Back to Issue Forty-Three

The Avery Estates Screamers



There are ladders leaning against all the houses now. We used to take them down and toss them into the depleted quarry off Trabue Road. We thought this might discourage the screamers, but they just climbed trees or stood on folding chairs instead. They stood on our cars and made their noises. This used to be a nice neighborhood, too. 

My family’s dedicated screamer (we all have at least one) is gaunt and sorrowful, about forty-five, I’d guess, with long thinning hair. Every day he wears the same soiled tweed jacket. He looks like the kind of guy who has written a lot of bad checks. He carries on for a few hours at our house—he moans, shrieks, gibbers, cries, and coughs—before moving to his next destination. 

“What are you on about?” I used to yell out the window, back when I thought it would do some good. “Is this a religious thing?”  

“Ah-AH-Ahhhhh,” he replied. And that, or some version of it, was all he ever said. 

Jen takes pity on him, brings sandwiches and iced tea out to his ladder. I beg her not to feed him, but my wife has always been kind to a fault, and so half the time our screamer is screaming with a mouthful of roast beef or chicken parmesan, meat that I have paid for with the sweat of my brow.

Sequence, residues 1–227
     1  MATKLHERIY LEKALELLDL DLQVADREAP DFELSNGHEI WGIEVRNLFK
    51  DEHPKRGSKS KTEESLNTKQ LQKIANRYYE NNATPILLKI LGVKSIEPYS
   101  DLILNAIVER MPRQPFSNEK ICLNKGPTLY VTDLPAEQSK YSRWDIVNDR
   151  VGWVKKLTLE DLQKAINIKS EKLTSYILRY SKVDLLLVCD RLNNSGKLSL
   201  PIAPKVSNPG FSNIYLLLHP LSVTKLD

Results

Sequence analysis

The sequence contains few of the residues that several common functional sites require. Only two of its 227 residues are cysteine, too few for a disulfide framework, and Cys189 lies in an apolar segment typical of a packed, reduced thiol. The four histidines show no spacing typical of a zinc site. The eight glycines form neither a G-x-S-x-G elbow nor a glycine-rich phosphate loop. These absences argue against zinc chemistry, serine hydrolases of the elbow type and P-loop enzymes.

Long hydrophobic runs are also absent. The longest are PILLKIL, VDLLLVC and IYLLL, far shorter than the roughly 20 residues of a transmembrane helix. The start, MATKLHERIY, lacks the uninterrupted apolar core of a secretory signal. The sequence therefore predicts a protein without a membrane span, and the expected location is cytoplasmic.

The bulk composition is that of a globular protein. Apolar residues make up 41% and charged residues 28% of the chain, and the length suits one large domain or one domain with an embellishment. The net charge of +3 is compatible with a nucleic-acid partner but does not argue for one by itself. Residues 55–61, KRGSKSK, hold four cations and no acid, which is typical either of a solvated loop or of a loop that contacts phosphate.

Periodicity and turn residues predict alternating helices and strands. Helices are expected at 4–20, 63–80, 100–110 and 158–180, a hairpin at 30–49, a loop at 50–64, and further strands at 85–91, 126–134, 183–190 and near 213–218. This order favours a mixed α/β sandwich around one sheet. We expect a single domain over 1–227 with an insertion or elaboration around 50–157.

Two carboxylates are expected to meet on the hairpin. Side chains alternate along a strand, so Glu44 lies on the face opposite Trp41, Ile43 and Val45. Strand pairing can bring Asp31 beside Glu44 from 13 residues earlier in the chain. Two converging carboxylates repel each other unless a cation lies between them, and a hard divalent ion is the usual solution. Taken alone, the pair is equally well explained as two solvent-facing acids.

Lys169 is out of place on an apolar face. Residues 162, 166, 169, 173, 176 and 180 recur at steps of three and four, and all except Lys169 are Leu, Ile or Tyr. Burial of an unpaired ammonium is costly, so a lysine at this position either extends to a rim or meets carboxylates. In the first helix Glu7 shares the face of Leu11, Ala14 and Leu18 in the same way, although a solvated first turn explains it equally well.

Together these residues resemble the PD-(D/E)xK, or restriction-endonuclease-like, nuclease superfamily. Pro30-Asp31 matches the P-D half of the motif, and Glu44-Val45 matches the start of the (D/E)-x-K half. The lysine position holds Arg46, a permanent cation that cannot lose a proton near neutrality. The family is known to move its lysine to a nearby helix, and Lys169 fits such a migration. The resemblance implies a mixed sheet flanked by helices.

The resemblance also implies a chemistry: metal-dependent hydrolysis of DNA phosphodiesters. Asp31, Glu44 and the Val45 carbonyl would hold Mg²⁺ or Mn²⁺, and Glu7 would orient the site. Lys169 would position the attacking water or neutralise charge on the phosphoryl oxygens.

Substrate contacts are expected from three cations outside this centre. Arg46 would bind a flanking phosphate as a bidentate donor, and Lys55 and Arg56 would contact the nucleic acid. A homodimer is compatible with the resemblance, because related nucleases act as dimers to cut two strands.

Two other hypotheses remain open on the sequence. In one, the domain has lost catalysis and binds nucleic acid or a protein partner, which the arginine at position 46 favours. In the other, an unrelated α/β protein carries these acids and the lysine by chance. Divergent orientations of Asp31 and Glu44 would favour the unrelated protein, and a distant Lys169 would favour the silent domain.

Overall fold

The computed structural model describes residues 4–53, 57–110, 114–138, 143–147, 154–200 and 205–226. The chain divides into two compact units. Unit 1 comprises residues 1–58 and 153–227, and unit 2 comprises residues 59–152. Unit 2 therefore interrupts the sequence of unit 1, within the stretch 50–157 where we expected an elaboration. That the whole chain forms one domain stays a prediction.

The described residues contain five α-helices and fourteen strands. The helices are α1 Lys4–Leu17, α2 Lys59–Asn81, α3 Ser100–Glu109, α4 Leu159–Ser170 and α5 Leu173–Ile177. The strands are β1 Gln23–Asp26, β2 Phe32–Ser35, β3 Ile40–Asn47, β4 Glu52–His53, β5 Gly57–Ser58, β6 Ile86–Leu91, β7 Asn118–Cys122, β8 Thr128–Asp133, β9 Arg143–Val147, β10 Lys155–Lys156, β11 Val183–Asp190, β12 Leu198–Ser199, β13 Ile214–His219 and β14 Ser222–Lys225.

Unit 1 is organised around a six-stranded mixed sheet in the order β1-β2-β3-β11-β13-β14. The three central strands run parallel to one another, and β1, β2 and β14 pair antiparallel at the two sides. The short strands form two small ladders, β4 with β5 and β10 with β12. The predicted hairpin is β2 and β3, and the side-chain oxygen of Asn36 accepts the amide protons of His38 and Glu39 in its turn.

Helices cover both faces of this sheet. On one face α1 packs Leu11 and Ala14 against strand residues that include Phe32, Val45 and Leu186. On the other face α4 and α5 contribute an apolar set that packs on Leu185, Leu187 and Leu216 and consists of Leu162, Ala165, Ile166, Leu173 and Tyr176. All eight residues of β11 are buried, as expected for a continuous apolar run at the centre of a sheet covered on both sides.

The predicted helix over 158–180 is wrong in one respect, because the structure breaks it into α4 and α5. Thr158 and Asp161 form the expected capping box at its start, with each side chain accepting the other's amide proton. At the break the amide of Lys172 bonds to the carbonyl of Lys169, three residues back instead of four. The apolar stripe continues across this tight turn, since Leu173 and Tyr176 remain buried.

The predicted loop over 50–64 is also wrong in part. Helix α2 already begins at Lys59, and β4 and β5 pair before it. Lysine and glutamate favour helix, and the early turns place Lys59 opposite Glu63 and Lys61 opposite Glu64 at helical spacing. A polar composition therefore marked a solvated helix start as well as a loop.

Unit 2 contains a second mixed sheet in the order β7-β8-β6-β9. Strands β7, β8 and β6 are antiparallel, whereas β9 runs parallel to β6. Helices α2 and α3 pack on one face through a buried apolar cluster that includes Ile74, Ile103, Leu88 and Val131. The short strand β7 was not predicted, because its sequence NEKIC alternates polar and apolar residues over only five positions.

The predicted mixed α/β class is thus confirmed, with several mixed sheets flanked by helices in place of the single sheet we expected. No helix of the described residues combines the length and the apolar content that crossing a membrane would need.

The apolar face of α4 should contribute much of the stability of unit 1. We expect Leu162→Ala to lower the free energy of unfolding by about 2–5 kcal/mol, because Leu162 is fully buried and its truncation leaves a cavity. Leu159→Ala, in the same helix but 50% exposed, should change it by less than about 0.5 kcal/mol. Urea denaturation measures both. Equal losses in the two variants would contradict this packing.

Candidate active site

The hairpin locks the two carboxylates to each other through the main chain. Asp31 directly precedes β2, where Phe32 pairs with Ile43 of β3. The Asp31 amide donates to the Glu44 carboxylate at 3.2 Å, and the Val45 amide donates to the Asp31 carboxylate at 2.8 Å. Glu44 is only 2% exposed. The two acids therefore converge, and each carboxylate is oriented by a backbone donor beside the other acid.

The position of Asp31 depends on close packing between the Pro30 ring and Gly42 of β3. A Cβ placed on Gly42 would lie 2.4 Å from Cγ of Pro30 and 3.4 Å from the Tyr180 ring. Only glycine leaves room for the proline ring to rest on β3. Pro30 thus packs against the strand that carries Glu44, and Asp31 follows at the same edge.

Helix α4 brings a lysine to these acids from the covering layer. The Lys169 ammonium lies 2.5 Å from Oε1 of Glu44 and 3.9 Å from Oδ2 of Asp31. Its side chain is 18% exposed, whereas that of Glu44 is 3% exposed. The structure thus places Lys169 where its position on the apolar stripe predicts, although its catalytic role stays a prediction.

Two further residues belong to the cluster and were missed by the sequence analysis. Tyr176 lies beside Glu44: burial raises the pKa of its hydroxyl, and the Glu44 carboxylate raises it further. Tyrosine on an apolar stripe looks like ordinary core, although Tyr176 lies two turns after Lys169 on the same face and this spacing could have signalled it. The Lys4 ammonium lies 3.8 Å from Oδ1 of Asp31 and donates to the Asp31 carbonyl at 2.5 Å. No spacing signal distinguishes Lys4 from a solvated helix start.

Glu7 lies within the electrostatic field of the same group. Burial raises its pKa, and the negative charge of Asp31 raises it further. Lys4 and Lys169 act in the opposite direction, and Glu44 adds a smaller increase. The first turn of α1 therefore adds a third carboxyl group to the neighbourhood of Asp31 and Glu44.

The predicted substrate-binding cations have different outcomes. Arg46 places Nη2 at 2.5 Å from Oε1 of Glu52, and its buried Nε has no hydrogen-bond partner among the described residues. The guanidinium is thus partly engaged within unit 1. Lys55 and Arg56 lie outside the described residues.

There are screamers all over the neighborhood; the noise is constant. Sometimes, I daydream about a quieter past, and when I give voice to these reminiscences around Sylvia (my daughter, 13), she gives me hell.  

“You’re living in a made-up past, Dad,” she says. 

“It used to be different, I swear.” 

 “That’s just your nostalgia for being young. And anyway, I think their screaming is nice.” 


“It’s cathartic. It’s better than keeping it all inside.” 

 “Where did you learn a word like cathartic?”  

“Not from you.” 

If I have a “backwards attitude,” as my daughter insists, I take comfort in knowing it’s only backwards by a couple years. Sylvia was eight when the first ladder went up at the Sherman’s place. I remember because everyone was talking about the first screamer. When the dead-eyed man with a big beard in an old green flannel started screaming at the nursery window in the Sherman’s house, the Sherman triplets cried, and the cops were called to drag him away. For a while the police would come and deal with them just like this, using harsh methods: Screamers dragged across sidewalks by their heels or hair or thrown up against the hoods of the police cars. There were nightstick beatings. It wasn’t uncommon for screamers to get shot, either by cops or by stand-your-ground homeowners. Someone on Oriole Lane is doing hard time now for abducting three screamers and drowning them in his rubber duck-shaped kiddie pool.